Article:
When Wheels Pile Up: Plant a Bike; Save the City [via NYT]

Editor's Note: I think Columbus is a different situation than NYC. I don't see a lot of bikes abandoned around the city and they would be better served to be donated to one of the co-ops in town, Third Hand or Franklinton Cycleworks. I do like it when people create artwork from cycling equipment though, as seen at Pedal Instead events.

From NYT

Eric Michael Johnson for The New York Times
Bernard Klevickas with his "twisted bicycle planter."

“In 1880, New York City removed 15,000 dead horses from its streets,” the historians Joel Tarr and Clay McShane wrote in an essaycalled “The Centrality of the Horse to the Nineteenth-Century American City.” Horse carcasses, they added, “were sometimes dumped with garbage into the bays or the rivers, often floating there or washing up on the beaches.”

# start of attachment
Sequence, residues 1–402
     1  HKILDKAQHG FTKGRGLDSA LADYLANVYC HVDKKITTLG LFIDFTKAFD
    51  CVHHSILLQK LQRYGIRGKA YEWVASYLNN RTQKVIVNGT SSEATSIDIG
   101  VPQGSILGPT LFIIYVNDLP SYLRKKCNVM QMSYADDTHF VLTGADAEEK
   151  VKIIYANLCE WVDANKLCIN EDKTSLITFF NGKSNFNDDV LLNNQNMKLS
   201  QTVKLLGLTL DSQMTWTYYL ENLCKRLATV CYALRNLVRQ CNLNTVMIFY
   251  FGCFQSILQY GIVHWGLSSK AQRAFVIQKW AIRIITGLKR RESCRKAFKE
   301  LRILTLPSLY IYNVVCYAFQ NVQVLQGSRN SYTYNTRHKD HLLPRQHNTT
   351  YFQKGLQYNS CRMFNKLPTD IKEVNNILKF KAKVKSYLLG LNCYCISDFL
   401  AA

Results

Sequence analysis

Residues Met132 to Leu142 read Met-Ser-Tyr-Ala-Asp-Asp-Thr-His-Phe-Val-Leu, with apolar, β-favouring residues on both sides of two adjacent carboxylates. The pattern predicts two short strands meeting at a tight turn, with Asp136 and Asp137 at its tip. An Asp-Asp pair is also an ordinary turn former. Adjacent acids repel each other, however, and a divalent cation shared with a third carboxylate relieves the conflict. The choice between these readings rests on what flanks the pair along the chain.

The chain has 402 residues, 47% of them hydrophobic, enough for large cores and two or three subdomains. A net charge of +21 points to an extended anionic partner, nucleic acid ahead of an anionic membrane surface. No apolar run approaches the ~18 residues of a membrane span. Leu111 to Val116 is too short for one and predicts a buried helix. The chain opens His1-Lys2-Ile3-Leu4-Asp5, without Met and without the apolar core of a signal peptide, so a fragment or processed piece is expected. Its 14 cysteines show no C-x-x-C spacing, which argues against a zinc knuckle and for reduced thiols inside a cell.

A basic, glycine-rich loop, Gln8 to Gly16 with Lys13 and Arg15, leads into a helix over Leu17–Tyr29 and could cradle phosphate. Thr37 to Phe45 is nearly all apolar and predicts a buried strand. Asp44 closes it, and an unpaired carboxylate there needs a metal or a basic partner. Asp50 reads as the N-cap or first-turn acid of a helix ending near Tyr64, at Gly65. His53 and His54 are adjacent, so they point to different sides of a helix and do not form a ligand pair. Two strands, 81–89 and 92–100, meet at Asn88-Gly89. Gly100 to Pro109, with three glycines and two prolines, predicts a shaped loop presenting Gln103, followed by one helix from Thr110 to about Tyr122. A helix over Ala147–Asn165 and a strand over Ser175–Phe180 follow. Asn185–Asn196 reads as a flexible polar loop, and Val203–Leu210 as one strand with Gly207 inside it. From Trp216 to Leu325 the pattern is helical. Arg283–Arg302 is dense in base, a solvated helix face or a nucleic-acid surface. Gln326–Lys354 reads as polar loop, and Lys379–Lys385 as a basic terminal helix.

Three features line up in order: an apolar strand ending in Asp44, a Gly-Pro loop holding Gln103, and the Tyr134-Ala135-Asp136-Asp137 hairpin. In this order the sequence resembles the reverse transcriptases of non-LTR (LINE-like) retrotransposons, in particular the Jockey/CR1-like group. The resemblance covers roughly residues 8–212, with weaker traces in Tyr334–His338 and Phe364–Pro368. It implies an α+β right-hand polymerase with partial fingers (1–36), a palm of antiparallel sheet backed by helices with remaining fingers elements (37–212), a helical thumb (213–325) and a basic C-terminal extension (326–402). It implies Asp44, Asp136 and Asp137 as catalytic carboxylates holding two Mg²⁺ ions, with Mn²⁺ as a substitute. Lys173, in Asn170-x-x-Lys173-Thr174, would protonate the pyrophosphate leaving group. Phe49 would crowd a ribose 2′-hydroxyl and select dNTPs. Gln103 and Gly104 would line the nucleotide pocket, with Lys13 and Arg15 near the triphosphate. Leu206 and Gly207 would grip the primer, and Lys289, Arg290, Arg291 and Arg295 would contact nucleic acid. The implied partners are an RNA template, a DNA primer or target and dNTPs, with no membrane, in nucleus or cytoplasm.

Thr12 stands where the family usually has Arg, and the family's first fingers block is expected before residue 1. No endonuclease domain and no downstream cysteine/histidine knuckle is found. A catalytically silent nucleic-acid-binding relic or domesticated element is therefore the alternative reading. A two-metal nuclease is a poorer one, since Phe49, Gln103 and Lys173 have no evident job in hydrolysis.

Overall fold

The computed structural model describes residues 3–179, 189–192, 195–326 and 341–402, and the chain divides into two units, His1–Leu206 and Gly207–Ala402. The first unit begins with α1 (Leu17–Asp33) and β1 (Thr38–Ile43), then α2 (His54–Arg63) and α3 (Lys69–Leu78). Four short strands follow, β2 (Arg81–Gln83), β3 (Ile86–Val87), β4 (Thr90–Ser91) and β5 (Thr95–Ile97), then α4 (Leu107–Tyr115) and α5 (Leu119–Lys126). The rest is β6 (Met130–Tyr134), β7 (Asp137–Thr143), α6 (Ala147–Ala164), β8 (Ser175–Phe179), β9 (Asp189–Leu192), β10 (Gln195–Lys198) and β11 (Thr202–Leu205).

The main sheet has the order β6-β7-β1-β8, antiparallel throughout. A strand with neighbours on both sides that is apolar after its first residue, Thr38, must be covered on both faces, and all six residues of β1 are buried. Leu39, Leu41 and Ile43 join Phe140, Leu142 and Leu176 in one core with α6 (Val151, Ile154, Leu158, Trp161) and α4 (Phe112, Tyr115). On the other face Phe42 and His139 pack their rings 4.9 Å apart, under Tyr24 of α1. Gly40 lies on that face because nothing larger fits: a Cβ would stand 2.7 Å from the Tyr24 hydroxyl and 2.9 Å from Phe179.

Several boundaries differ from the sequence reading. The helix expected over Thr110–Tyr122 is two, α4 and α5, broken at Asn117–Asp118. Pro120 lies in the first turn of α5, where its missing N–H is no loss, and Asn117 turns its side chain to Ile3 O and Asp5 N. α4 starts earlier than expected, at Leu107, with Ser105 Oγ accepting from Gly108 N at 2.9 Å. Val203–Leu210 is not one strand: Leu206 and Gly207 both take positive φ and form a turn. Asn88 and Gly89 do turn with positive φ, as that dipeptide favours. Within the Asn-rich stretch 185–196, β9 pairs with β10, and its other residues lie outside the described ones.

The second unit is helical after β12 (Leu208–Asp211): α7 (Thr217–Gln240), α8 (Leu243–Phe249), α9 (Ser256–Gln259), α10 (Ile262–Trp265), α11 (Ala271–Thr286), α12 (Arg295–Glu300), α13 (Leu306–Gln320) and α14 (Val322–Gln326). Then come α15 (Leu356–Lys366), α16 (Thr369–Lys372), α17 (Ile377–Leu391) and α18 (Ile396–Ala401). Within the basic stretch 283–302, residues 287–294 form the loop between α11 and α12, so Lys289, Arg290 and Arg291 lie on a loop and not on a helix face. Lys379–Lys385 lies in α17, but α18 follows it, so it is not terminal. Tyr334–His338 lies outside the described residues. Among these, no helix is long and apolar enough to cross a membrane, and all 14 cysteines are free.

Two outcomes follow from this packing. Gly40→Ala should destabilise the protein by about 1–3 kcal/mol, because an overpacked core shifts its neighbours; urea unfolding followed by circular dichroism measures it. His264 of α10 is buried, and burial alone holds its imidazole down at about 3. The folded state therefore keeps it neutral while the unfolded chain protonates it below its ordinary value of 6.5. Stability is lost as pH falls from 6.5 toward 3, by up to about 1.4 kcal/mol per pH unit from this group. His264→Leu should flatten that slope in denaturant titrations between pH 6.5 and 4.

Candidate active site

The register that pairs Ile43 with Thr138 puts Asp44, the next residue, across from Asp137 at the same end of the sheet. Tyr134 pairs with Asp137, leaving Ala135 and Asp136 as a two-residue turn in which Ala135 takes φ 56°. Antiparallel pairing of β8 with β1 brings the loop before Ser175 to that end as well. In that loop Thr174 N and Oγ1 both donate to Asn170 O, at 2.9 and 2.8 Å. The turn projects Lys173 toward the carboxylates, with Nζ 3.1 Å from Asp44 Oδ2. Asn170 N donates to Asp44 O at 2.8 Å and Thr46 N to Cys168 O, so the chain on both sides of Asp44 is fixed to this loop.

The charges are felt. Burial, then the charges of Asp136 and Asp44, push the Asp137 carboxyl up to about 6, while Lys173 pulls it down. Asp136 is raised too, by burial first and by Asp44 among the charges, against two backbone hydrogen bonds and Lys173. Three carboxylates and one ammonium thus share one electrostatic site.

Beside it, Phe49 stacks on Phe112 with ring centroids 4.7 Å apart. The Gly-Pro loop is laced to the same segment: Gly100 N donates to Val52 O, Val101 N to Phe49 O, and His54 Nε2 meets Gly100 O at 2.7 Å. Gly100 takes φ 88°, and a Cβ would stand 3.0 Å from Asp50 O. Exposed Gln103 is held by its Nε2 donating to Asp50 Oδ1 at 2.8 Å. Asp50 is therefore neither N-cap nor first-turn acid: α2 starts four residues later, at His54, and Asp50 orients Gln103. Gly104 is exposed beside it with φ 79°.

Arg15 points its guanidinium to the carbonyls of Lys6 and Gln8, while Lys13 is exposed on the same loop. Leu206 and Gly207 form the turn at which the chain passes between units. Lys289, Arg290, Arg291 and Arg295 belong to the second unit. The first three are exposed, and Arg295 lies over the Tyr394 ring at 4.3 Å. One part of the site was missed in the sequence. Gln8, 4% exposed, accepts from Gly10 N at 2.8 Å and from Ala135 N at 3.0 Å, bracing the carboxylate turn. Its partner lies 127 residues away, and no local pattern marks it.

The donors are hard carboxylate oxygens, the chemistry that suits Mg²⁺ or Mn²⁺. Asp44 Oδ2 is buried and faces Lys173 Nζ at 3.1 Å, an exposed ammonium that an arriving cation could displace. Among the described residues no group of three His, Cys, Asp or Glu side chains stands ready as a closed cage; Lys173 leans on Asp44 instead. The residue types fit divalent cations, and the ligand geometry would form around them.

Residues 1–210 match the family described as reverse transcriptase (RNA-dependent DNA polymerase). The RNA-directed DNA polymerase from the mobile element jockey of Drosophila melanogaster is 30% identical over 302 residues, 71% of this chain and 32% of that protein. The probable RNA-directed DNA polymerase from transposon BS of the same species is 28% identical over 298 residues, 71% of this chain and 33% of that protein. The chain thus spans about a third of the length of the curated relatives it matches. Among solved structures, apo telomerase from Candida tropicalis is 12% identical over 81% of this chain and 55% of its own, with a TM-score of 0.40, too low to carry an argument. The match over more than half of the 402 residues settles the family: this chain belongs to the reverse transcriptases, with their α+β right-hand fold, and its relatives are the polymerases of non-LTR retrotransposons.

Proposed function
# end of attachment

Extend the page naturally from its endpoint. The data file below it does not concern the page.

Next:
“In the late 1860s, an ‘offal dock’ stood at the foot of West 38th Street,” the essay continued. “From there, the carcasses of horses as well as other dead animals and offal from the city’s slaughter houses was either dumped in the bay or sent to a rendering plant.”
I bring this to your attention because of the bicycle mania that is sweeping this town. Mayor Michael R. Bloomberg has been on a personal mission to push bike ridership. Bike lanes have sprung up where none were before.